Soap Opera Digest will halve its rate base to 500,000, from 1 million, while Soap Opera Weekly will shrink to 225,000 from 300,000.
Steve Aster, exec VP-consumer marketing for Primedia, said the titles will focus on a hard-core group of enthusiasts, and that the move will greatly reduce subscription-acquisition costs.
As it cuts circulation, Soap Opera Digest will boost frequency from 48 times a year to 52. Mr. Aster said that some savings achieved via the rate-base reductions would be reinvested in editorial.
Both titles have struggled on the circulation side. Soap Opera Weekly missed its rate base three times in the last four reporting periods, according to Audit Bureau of Circulations. For the six months ending June 30, its circulation of 272,874 fell nearly 10% shy of its 300,000 rate base. "I'd rather sell [fewer copies] at a higher price and make more money," said Mr. Aster, noting that Soap Opera Weekly's cover price rose from $1.99 to $2.99 this year and will go up again in 2003.
Soap Opera Digest leads the soap category-although the segment is shrinking, along with ratings for the TV programs it covers. In June, Bauer Publishing shuttered Soap Opera Update and merged two Soaps In Depth titles.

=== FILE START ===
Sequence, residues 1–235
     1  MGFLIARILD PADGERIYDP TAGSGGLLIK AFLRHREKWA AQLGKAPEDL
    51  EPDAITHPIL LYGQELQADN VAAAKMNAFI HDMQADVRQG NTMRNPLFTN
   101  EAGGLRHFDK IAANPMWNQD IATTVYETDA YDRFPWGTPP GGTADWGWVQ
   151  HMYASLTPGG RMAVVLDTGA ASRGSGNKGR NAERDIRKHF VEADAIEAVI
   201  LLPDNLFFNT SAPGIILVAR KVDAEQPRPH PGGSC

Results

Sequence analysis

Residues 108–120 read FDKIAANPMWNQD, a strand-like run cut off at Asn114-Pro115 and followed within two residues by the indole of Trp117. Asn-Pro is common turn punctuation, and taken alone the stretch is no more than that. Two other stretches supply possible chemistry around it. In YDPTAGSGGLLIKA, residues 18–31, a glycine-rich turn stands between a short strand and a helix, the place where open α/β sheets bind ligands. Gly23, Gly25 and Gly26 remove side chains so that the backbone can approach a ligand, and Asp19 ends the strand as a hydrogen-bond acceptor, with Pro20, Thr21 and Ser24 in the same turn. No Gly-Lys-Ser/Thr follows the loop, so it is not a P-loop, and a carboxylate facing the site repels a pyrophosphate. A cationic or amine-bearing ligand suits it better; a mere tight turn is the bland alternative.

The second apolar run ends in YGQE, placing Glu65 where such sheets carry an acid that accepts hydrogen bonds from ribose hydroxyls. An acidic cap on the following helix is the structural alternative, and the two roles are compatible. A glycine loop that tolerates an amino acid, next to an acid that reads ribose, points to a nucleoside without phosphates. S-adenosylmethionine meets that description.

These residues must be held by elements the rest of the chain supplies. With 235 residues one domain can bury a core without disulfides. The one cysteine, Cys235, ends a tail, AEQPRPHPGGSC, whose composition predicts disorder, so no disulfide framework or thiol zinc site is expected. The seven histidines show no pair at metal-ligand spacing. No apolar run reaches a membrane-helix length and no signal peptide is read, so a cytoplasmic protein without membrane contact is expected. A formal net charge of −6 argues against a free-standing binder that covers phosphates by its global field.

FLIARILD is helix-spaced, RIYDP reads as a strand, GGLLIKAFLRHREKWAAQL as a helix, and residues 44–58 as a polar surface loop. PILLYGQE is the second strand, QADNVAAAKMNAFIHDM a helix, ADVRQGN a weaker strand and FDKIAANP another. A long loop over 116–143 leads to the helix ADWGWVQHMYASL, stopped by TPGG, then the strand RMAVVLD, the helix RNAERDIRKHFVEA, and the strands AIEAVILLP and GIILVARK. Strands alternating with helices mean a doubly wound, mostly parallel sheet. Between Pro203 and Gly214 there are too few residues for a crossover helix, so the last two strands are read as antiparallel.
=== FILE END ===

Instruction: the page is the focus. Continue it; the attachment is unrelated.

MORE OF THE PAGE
Even setting aside their circulation softness, the soap titles seem ripe for rate-base readjustment. As weeklies, their production and distribution costs are significant. And, Mr. Aster said, they are "not as dependent on advertising" as most magazines. That means it makes little financial sense to maintain artificially high circulation numbers.
Through November, according to Publishers Information Bureau, Soap Opera Digest's ad pages rose 17.4% to 1,308 (Soap Opera Weekly is not tracked by PIB). Mr. Aster said both soap titles are profitable.
Many magazine publishers believe that rate-base reductions and cover-price increases are needed to lessen the industry's reliance on advertising by strengthening circulation profitability. Only a few have announced such moves recently, including Hachette Filipacchi Magazines U.S., which will cut the rate base of three of its titles next year (AA, Nov. 4).